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Old 04-11-2016, 10:00 PM
 
Location: Tennessee
29 posts, read 62,904 times
Reputation: 81

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I'm with teacherdad, not going to get into the weeds. However, I would like to leave a few bullet points. re: Government/Civil Service Worker. To answer the shipyard and asbestos plant questions; no.

- Many don't know after being federally employed if you show interest in attending college, and that it benefits the command, the government will pay for your tuition. The employee/student must use his own annual leave to attend, but many have taken advantage of the benefit. What the civil servant lacks in compensation is easily justified when analyzing the complete hiring package.

- Many Federal Civil Servant Positions are open to 'All US Citizens'. A quick cursory look at USA Jobs, the resource data base used for Federal Job advertisements, they're many opportunities for everyone to apply. One just needs to meet the qualifications to be considered.

I hold my head high. I'm a proud veteran and a long time civil servant. I owe no one any apologies.

Life's been good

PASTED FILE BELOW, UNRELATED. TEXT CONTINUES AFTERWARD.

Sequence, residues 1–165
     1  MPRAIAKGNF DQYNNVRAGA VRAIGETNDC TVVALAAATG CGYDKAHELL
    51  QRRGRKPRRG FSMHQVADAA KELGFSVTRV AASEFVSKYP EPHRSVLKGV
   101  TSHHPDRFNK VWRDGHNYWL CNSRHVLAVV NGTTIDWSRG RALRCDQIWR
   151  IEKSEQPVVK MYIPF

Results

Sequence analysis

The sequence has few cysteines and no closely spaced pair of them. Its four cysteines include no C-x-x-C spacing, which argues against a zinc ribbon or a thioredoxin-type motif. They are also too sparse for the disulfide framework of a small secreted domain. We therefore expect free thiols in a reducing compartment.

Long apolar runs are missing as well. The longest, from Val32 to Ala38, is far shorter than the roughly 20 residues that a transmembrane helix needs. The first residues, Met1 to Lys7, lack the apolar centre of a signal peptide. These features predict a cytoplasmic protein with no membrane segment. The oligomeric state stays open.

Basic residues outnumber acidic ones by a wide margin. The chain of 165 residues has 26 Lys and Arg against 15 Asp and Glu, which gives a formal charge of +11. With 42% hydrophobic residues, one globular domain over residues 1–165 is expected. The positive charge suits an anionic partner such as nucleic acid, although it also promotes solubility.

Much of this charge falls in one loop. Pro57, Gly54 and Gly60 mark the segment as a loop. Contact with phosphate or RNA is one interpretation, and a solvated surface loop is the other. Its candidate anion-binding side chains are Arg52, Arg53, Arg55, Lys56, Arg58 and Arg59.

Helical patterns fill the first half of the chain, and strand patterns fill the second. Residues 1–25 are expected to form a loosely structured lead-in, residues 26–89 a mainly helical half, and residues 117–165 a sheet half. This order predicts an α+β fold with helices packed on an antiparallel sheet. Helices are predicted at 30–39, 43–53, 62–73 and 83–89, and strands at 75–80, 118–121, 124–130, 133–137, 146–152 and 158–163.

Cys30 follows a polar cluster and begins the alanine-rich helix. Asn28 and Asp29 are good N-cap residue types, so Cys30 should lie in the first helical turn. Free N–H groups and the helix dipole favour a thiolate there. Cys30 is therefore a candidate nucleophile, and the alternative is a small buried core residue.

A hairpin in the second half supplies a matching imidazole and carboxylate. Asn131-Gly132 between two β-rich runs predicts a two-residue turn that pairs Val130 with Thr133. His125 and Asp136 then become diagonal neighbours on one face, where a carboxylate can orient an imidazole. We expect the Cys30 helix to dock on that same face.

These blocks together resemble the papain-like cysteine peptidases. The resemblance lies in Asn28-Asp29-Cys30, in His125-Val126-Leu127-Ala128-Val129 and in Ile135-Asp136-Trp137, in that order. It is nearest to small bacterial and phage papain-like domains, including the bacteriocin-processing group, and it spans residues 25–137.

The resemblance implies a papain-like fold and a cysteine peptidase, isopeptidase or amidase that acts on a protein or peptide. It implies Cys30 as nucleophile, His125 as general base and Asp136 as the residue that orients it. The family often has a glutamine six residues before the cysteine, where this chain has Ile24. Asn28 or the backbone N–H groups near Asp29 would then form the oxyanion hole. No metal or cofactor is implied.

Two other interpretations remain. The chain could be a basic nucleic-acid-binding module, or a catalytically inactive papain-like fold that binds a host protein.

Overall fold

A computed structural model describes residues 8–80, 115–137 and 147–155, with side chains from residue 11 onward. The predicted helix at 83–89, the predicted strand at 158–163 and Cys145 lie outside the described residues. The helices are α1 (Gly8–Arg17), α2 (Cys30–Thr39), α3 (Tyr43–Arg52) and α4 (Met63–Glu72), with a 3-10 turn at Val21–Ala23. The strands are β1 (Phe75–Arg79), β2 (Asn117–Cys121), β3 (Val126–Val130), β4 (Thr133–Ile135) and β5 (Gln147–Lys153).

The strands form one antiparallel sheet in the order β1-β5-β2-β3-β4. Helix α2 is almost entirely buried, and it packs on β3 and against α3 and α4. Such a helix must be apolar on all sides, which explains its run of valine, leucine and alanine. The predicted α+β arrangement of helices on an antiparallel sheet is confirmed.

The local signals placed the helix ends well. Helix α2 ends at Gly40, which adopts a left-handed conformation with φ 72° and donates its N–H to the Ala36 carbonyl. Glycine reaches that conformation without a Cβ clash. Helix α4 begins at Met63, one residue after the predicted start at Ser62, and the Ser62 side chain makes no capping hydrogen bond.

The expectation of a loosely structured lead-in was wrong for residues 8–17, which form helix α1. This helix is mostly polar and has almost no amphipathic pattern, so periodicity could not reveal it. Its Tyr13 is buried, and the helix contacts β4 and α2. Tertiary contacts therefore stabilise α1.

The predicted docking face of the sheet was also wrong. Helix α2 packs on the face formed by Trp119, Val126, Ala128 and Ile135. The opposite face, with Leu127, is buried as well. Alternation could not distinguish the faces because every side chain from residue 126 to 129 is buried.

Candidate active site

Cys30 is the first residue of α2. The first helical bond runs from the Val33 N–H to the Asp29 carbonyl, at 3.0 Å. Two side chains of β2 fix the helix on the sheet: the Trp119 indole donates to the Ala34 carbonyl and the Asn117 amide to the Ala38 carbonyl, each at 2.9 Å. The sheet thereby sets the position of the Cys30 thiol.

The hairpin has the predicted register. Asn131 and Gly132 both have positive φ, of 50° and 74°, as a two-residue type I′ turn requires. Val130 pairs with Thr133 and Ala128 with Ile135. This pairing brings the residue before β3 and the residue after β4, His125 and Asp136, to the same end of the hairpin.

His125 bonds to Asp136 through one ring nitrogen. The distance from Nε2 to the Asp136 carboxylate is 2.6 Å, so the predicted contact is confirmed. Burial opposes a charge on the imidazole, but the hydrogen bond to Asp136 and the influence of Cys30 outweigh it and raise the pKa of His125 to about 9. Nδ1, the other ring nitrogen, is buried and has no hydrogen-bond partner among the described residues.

-WC
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Old 04-12-2016, 12:21 AM
 
911 posts, read 1,101,823 times
Reputation: 581
To those who are planning to retire before 65, how do you plan to get health insurance?

You know Medicare kicks in 65. And for people like me born after 1960, it kicks in at age 67

What am I missing here?
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Old 04-12-2016, 01:52 AM
 
14,261 posts, read 24,004,620 times
Reputation: 20084
Quote:
Originally Posted by misterno View Post
To those who are planning to retire before 65, how do you plan to get health insurance?

You know Medicare kicks in 65. And for people like me born after 1960, it kicks in at age 67

What am I missing here?

Fair question.

We purchase health insurance through my wife's former employer. She gets about a 20% discount. We are on a United Healthcare HSA plan which is NOT cheap BUT I know on January 1st what the maximum I could pay that year. Then, we budget for it like any other expense. The advantage of this plan is that we can select about 90% of the doctors in this area and do not have to run up to Tucson 25 miles away for service.